Nice job Moron it’s not like the NFL doesn’t have seminars for rookies let’s you know not to hang out with your old hoodlum buddies. They will get you where you are going now.Hell even Favre was smart enough to say I have a problem and I need help

  81. 2ndaryinsanity says: Nov 17, 2011 5:44 PM

    Jolly was given multiple chances by the NFL and the justice system. Unfortunately, he squandered these “2nd chances” and continued to abuse drugs. There are consequences to repeatedly breaking the law, especially when you’re still on probation. (Unless you’re Lindsey Lohan in California.) I wish Jolly would have gone to rehab…because he damn sure won’t get any help while in a Texas prison. Is the system broken? Absolutely…but does that mean we should just let criminals continue their criminal behavior??
    As for the old “it was a victimless crime,” well that’s complete B.S. Assuming Jolly wasn’t dealing, he WAS buying from a dealer…doing his small part to keep a drug dealer in business. If Jolly’s allowed to stay out on the streets abusing drugs, there’s a chance he could kill someone as he’s driving while stoned. How would YOU feel if Jolly was given “another chance” then kills someone you love because he was behind the wheel sippin’ his syrup.

  82. packman15 says: Nov 17, 2011 5:47 PM

    Sandusky has only been tried in the court of public opinion. His day of reckoning will come.

    Johnny needs to heal himself during this time.

  83. t16rich says: Nov 17, 2011 5:47 PM

    Only fair that Michael Vick gets to pet his new pet parrot while reading these headlines. That Occupy Prison comment is geniously true.

  84. warvette says: Nov 17, 2011 6:00 PM

    wallacejay says: Nov 17, 2011 5:30 PM

    Probably concussion-related

    ——————–
    exactly. how long will it take for an enterprising legal eagle to try to tie all behavior and malady to the rigors of playing the game?

  85. KIR says: Nov 17, 2011 6:15 PM

    silverdeer says: Nov 17, 2011 4:53 PM

    @dcviking, I totally agree with you. I too am shocked by all of the bleeding hearts making comments out here. The dude has been arrested 4 times for drugs and with enough quantity to definitely know that he was dealing the crap……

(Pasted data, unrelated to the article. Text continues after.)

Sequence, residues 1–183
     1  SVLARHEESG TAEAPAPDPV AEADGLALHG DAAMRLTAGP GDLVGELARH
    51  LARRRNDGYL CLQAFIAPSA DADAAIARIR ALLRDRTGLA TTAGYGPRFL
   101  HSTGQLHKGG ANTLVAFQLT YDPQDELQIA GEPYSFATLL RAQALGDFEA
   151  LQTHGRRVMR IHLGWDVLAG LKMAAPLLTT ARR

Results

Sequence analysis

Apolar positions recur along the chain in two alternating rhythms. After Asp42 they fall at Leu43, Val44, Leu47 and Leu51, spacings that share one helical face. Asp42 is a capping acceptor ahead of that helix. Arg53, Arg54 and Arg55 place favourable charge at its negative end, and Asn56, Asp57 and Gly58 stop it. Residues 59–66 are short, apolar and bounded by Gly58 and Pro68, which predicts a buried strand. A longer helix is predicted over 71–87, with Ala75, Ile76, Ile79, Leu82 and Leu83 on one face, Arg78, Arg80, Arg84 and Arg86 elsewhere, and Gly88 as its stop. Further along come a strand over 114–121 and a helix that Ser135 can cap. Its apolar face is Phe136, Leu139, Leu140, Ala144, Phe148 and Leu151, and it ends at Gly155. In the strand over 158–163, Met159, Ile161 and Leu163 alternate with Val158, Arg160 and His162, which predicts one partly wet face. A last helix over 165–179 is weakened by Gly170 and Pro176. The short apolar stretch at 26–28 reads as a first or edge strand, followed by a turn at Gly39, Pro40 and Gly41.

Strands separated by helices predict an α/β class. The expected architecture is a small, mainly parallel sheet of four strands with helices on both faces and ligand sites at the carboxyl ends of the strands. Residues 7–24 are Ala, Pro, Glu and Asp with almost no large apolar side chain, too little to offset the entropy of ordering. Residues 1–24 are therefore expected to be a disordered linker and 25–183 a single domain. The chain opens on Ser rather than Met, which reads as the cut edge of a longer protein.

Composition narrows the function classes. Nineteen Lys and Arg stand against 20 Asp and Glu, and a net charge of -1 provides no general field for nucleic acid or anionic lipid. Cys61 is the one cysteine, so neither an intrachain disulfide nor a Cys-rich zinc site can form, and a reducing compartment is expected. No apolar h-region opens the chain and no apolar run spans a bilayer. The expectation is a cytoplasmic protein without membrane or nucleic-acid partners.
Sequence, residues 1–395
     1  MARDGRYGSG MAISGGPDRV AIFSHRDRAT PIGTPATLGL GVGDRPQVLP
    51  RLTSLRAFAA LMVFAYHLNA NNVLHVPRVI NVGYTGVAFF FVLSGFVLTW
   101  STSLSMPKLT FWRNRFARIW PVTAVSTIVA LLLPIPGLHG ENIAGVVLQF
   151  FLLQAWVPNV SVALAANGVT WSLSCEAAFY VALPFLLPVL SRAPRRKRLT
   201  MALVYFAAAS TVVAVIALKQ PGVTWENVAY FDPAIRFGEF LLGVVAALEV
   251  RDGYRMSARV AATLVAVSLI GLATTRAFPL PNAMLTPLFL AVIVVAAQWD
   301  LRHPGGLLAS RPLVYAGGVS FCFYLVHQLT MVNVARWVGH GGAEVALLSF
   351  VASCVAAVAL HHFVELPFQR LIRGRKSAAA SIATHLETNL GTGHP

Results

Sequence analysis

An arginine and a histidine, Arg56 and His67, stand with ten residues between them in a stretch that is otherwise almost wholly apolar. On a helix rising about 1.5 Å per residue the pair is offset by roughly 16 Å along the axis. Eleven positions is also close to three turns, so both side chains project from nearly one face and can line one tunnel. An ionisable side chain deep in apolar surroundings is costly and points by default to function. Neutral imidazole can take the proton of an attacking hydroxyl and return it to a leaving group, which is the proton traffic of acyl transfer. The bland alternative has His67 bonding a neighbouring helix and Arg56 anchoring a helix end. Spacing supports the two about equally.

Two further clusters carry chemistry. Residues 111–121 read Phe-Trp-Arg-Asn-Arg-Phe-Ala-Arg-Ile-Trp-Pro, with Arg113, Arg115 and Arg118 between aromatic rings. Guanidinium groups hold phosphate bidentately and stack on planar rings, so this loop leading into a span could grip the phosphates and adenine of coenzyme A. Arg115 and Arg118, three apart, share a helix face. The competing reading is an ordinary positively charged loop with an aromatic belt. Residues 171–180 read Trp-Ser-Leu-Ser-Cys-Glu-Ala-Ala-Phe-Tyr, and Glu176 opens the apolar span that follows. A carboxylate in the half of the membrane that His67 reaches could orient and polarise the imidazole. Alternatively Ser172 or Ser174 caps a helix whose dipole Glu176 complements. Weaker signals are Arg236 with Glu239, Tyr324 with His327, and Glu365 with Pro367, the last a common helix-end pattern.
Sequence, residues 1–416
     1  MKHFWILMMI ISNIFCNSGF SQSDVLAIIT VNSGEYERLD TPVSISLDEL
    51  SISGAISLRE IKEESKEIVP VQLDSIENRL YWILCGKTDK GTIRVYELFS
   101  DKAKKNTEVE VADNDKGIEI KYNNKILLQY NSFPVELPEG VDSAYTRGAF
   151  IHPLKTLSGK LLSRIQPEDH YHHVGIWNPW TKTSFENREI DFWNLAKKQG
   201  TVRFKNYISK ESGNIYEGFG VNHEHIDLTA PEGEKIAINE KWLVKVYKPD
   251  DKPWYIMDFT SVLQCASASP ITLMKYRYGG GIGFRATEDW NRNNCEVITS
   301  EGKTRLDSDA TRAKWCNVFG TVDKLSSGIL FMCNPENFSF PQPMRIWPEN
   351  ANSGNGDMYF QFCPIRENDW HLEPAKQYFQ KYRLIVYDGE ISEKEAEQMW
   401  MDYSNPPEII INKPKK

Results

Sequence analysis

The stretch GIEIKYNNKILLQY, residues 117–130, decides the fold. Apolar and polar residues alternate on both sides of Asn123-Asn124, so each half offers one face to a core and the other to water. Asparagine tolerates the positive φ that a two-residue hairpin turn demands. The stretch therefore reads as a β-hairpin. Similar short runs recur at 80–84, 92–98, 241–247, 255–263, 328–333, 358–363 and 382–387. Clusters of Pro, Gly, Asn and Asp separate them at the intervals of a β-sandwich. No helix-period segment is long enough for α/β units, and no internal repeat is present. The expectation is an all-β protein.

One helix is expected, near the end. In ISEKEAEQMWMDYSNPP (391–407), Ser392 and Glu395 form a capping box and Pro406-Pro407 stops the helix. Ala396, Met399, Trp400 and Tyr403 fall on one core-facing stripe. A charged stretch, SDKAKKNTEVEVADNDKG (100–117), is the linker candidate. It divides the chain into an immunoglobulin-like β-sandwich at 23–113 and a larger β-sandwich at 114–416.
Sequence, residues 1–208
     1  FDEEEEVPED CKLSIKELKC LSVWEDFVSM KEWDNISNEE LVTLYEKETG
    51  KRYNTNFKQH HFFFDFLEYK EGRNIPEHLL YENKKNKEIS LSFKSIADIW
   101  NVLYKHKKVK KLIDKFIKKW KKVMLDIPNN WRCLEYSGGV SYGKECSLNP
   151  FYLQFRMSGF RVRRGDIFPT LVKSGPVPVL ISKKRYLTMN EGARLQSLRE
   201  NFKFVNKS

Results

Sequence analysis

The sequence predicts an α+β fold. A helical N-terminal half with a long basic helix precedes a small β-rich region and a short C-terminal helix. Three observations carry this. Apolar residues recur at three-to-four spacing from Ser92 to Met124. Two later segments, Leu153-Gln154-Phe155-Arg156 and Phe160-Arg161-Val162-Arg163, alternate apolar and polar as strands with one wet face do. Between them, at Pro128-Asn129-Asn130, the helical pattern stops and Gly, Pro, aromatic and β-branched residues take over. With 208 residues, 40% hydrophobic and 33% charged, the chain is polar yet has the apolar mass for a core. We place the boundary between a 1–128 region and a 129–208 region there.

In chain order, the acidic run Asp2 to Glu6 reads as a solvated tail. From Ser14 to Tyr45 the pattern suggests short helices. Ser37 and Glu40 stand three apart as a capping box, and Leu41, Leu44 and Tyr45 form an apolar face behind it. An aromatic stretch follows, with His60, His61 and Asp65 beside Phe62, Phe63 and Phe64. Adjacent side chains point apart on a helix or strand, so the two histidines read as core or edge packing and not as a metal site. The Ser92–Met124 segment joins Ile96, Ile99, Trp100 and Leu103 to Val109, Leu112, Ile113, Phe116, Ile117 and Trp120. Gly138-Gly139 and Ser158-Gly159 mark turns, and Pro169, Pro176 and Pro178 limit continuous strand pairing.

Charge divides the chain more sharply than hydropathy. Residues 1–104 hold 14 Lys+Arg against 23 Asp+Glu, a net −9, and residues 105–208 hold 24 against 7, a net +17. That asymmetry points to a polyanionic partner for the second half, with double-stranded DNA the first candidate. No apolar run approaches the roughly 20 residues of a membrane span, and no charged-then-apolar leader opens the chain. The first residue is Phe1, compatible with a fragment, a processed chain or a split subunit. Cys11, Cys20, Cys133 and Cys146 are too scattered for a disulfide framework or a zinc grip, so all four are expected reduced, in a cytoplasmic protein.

___________________________
    He’s broke or close to it. If you listen to the full interview on Espn he says a bottle of codeine cost 6 to 8 hundred and he was drinking A BOTTLE A DAY. I doubt he was a dealer.

  86. stergersburgernips says: Nov 17, 2011 6:37 PM

    The NFL relies on hood rats playing its game, stop them playing based on prior convictions/arrests, see what happens.

  87. bossplayer213 says: Nov 17, 2011 6:39 PM

    2 white cups and it could be drank……

  88. acmepacker says: Nov 17, 2011 6:49 PM

    minnysoda says:
    Nov 17, 2011 5:40 PM
    Have a Holly Jolly Sentence
    You better protect your rear
    The Pack goes 19 and oh
    But you will not be near

    Have a Holly Jolly Sentence
    And when you walk down to your cell
    Say It’s not my fault you know
    The purple drank is hell

    Nice job Moron it’s not like the NFL doesn’t have seminars for rookies let’s you know not to hang out with your old hoodlum buddies. They will get you where you are going now.Hell even Favre was smart enough to say I have a problem and I need help
    ——
    One big difference between the two men. What finally prompted Favre to do something was his wife saying “get your act together or I’m gone.”
    Then when he want back to Mississippi he had parents, a wife, siblings and children all standing behind him and giving him support. Jolly had the streets to go back to. I’m not excusing him, but he had a big hole to crawl out of and I feel for the man. I’ve known too many addicts and getting out of the life is tough. I wish him well.

  89. steelerfan9598 says: Nov 17, 2011 7:00 PM

    You only get more than three strikes if you’re Lindsay Lohan.

  90. wegonnadoitbaby says: Nov 17, 2011 7:26 PM

    That’s a really stiff sentence. Breaking the law has consequences, but 6 years for a “user” seems way out of wack with normal sentencing. I admit, I am not to familiar with his circumstance, maybe there are other factors, but at first glance it certainly seems beyond what a rational person would think is needed. It appears the guy is addicted to a narcotic…

    This is a really sad story and all the jokes and innuendos in SOME of the previous post are stomach turning. Hopefully no one you know or god forbid a loved one becomes addicted to a drug….if they do I doubt you will be hoping they get an extensive prison sentence.

  91. neilanblomi says: Nov 17, 2011 7:28 PM

    are not

  92. eweez83 says: Nov 17, 2011 7:36 PM

    “Codeine is a helluva drug” But seriously, addiction is a disease. It can take over a person. The NFL really needs a substance abuse program. As much as these guy’s get hurt and pushed to play through pain, it is a wonder this is not an epidemic among all players in the league.

    It is widely abused in the NFL, by the players and doctors. And will continue to be that way as long as they are playing the game of football. It’s just sad to see the ones who lose everything due to their addiction. Sad….

  93. irishstout says: Nov 17, 2011 7:51 PM

    Say, how’s that “War on Drugs” working out for us so far?